Seoul is wary of Republicans in charge of Senate
The Republican victory in the U.S. midterm election is expected to influence Washington’s foreign policy and Seoul is preparing for possible adjustments in North Korea policy and Northeast Asian issues.
Republicans won control of the Senate and retained their majority in the House of Representatives. Although there is little possibility that President Barack Obama’s foreign policy as a whole will face a major shift in his final two years due to the Republican victories, Korean officials said the wrangle over North Korea’s nuclear program may be affected by the Republican control of the Congress.
The Republican Party may challenge the Obama administration’s nuclear negotiations with Iran, government officials said, and that could possibly affect North Korean issues.
“When the nuclear negotiation with Iran go smoothly, Washington would have room to deal with the North Korean nuclear crisis,” said a Foreign Ministry official. “And a successful negotiation with Iran will also create a precedent that a nuclear crisis can be resolved through dialogue. If the negotiations with Iran are derailed, the North Korean nuclear issue will become a matter of lesser priority.”
Concerns were also expressed that hawks in the Republican Party could challenge the “strategic patience” policy of the Obama administration toward North Korea. Sanctions on the North could be tightened and the North may try to bolster its negotiating power by demonstrating its nuclear power, officials said.
Republican control of the Congress can also affect thorny negotiations between Seoul and Washington to rewrite a decades-old civilian nuclear energy cooperation agreement. Even after a new pact is concluded between the two governments, it still requires ratification from both countries’ legislatures.
Seoul’s negotiators expressed concerns that Senator Bob Corker, the top Republican on the Senate Foreign Relations Committee, will likely become the head of the committee.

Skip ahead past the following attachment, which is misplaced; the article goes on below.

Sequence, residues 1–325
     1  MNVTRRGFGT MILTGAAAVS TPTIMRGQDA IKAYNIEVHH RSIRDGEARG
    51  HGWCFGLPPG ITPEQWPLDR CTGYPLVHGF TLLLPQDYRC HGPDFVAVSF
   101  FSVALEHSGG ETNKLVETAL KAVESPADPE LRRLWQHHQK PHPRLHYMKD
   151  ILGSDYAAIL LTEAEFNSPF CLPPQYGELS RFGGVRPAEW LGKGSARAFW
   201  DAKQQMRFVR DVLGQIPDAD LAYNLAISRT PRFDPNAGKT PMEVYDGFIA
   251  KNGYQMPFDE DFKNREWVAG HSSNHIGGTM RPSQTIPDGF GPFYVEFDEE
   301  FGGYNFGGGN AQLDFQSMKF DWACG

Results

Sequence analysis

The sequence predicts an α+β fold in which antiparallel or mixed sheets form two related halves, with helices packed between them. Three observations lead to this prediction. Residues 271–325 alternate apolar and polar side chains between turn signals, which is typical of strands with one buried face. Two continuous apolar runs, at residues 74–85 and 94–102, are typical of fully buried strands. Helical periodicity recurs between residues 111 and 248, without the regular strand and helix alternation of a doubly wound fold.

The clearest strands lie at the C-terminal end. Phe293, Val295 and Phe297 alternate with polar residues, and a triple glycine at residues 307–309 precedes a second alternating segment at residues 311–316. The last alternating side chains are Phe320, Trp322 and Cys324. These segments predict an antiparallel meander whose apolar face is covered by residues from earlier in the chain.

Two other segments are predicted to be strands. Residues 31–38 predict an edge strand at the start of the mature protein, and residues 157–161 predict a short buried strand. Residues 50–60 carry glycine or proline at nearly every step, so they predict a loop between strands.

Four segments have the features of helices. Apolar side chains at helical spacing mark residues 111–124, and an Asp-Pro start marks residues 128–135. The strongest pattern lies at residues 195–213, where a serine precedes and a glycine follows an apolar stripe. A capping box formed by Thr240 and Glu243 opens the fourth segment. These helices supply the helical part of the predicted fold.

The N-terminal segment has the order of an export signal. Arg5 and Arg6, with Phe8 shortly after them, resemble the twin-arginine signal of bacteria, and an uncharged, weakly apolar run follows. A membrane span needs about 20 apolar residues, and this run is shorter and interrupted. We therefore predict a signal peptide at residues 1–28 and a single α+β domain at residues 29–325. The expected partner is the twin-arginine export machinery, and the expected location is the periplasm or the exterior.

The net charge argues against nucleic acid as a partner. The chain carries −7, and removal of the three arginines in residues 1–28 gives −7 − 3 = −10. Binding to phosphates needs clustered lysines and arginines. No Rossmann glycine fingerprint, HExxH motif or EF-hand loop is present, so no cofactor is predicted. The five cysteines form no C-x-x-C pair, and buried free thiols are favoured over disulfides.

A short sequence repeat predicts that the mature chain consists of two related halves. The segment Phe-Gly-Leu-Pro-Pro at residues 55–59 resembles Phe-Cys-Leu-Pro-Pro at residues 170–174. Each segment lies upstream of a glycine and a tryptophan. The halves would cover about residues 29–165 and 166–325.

“He has proudly upheld the agendas of Senator Richard Lugar, the Republican who headed the Foreign Relations Committee and largely promoted nuclear non-proliferation,” said a government official. “He is expected to use very strict standards for the enrichment and reprocessing of nuclear materials, one of the main sticky points in the negotiation.”
Korean government officials yesterday tried to identify positions of the newly elected Republican members of the Congress.
“The government must explain its intention clearly to each lawmaker and persuade them,” said Kim Young-soo, political science professor at Sogang University. “Personal connections in academia and the private sectors must all be used.”
Seoul is also sensitive to the possibility that a Republican-controlled Congress will become friendlier to Japan. The Japanese government has consistently lobbied up and coming politicians in the Republican Party.
“As a result of Japan’s active lobbying, many in Washington think that Japan wants to resolve strained Korea-Japan relations and that Korea is acting stubbornly,” said a diplomatic source. “That view was more widely spread among Republicans.”
Professor Kim Hyun-wook of the Korea National Diplomatic Academy forecast a realignment in Washington’s policy toward China.
“A possible deal between Obama and the Republican Party is expected,” Kim said. “The Republican Party will likely demand more aggressive policy to check China by strengthening U.S. military presence and free trade influence in the Asian region.”
“The policy of promoting free trade can be advantageous to Korea, as it wants to join the Trans-Pacific Partnership,” he said. “But Korea should also prepare a strategy because the United States can be more aggressive in deploying the THAAD [Terminal High Altitude Area Defense] missile system to South Korea in order to check China.”
BY YOO JI-HYE [email@example.com]
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